1995: US Introduction of P38 Range Rover Model
Chassis & Suspension
Photo: Tony Johnson's 1995 4.0SE with factory brush guard.
Introduction: The 1995 US Debut of the New Model
The 1995 Range Rover P38 4.0 SE Model was
introduced in the U.S. in March of 1995 and six months later the (1996
year) Range Rover 4.6 HSE was introduced.
Base Price (4.0SE) $54,625 (Kelley Blue Book)
Weight 4,960 lbs
(3950cc/241 cubic inches) 190 hp @ 4750 rpm 236 lb-ft torque @ 3000 rpm
90-degree Overhead Valve (OHV) V8 aluminum alloy heads and aluminum
with dry steel cylinder liners (3.7" bore x 2.8" stroke) 9.34:1
compression ratio. Five main bearings
(bigger than in the 3.9L), hydraulic lifters and multiport electronic
injection. BMW Turbo Diesel engines were
installed in the new Range Rover P38 in
Photo: New dash layout
on Tony Johnson's 1995 4.0SE, showing the single-lever "H" gate
transmission and transfer case shifter, and the forward sloping center
dash section that reviewers noted gave an immediate feeling of command
for off-road situations. Exterior:
Chassis and Suspension:
Box-section ladder-type frame (with 2.5mm to 4.0mm steel vs. the 2.0mm steel frame used on the Range Rover Classic). All NAS models have a bolt on Class III towing receiver (vs. the welded on receiver that was on all NAS Range Rover Classics). Air springs were on all four corners of all Range Rover P38s. The axels were completely redesigned for the new Range Rover P38. Moving the differential to the opposite side of the axle forced long time Land Rover owners to remember that the low point of the vehicle had moved when driving off road. The rear differential had a heavy 4-pin diff carrier (vs. two pin in the previous RR) to handle the extra strain of the electronic traction control (the front differential got the 4-pin diff in 1999 when Land Rover added traction control to the front axle). Beam axles with semi floating hubs located by radius arms and a panhard rod in front, composite radius arms and a panhard rod in the rear, axle ratio 3.54:1 (the same ratio as the Range Rover Classic, despite totally different differential). The new Range Rover also has the same 108.1 inch wheelbase as the Classic LWB model (the SWB Classic has a 100 inch wheelbase). Hydraulic telescopic shock absorbers were on all four corners. Power assisted ZF recirculating ball (15.2:1 ratio) 3.2 turns lock to lock. Four-wheel power disk brakes with four piston calipers in front and two piston calipers in the rear with pad wear sensors on the front right and rear left inboard brake pads. All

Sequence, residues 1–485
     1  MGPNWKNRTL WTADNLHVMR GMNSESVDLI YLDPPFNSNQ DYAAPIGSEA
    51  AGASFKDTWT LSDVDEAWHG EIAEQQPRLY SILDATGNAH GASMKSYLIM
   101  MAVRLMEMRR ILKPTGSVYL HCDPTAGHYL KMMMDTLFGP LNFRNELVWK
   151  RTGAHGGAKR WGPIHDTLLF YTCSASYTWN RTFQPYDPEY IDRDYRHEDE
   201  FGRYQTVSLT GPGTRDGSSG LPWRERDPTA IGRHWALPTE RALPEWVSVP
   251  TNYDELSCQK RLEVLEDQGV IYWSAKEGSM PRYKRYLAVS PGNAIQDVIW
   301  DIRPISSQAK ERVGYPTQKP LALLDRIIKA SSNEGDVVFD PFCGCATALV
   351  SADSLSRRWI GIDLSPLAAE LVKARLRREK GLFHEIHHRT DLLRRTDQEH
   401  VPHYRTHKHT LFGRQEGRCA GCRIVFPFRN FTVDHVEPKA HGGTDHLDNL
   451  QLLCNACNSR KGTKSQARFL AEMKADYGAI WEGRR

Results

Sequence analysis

The only option in 1995 was the Beluga Black paint for $300.
Exterior Accessories offered by the dealers (in the 1995 Range Rover 4.0 SE Vehicle Gear Catalog) included: Wrap-Around Brush Bar, Center-Grill Brush Bar, Front and Rear Lamp Guards, Running Boards, Black Plastic Wheel Arch Moldings, Mud Flaps, Roof Carrying System, Trailer Hitch Mounted Sports Rack Bike Carrier, Trailer Towing Kit, Auxiliary Lights, Car Cover, Engine Block Heater, Tire Pump, Locking Wheel Nuts and Winter Wiper Blades.
Available Interior Colors: (Please write in if you know!!)
All had air conditioning; power windows 60/40 split folding rear seats, folding rear parcel shelf/loadspace cover, cruise control, central locking on all four doors and the fuel door, child locks on the rear doors. Gear shifter and parking brake handle was rubber. The stereo was made by Phillips. The front seats had three vertical seams on the seat backs and bottoms and the piping was the same color as the seats.
Interior Accessories offered by the dealers (from the 1995 Range Rover 4.0 SE Vehicle Gear Catalog) included Floor Mats (carpet and rubber), Waterproof Seat Covers, Load Retention System (cargo nets), Plastic Loadspace protector, Loadspace anti-slip Mat. Locking Shotgun Box, Dog Guard (the dog guard with built in shotgun rack was not available for the RR P38), Tool Kit, Locking Security Case, , Sheepskin Seat Covers. A factory wood kit was available with extra pieces of wood around the window switches, rear ashtray door HVAC and Radio. A leather covered shifter and parking brake handle was also available as an optional interior dress up item. The optional leather covered shifter and parking brake handles were a slightly different design than the leather covered handles that became standard on later model P38s.
Photo: Rear seating in
Tony Johnson's 1995 4.0SE, showing the more spacious and comfortable
layout for passengers compared to the Classic models. Even the center
rear seat is comfortable. Other:
4.0 SE: Only one model of Range Rover P38 was offered in 1995 the first year it was sold in North America (in Europe the 4.6HSE was available along with the BMW Diesel model in the 1995 Model Year).
new Range Rover P38 was sold side by side with the 25 year old SWB
Classic in January 1995 (most of the ’95 Range Rover LWBs were sold in
very few were left when the new Range Rover was introduced), but
almost $10,000 extra cost the new Range Rover dramatically outsold the
and Land Rover decided to retire the Classic on it’s 25th
(the last Range Rover Classic rolled off the line in early 1996). LRNA opened (or converted existing dealers)
to the first “Land Rover Centres” in the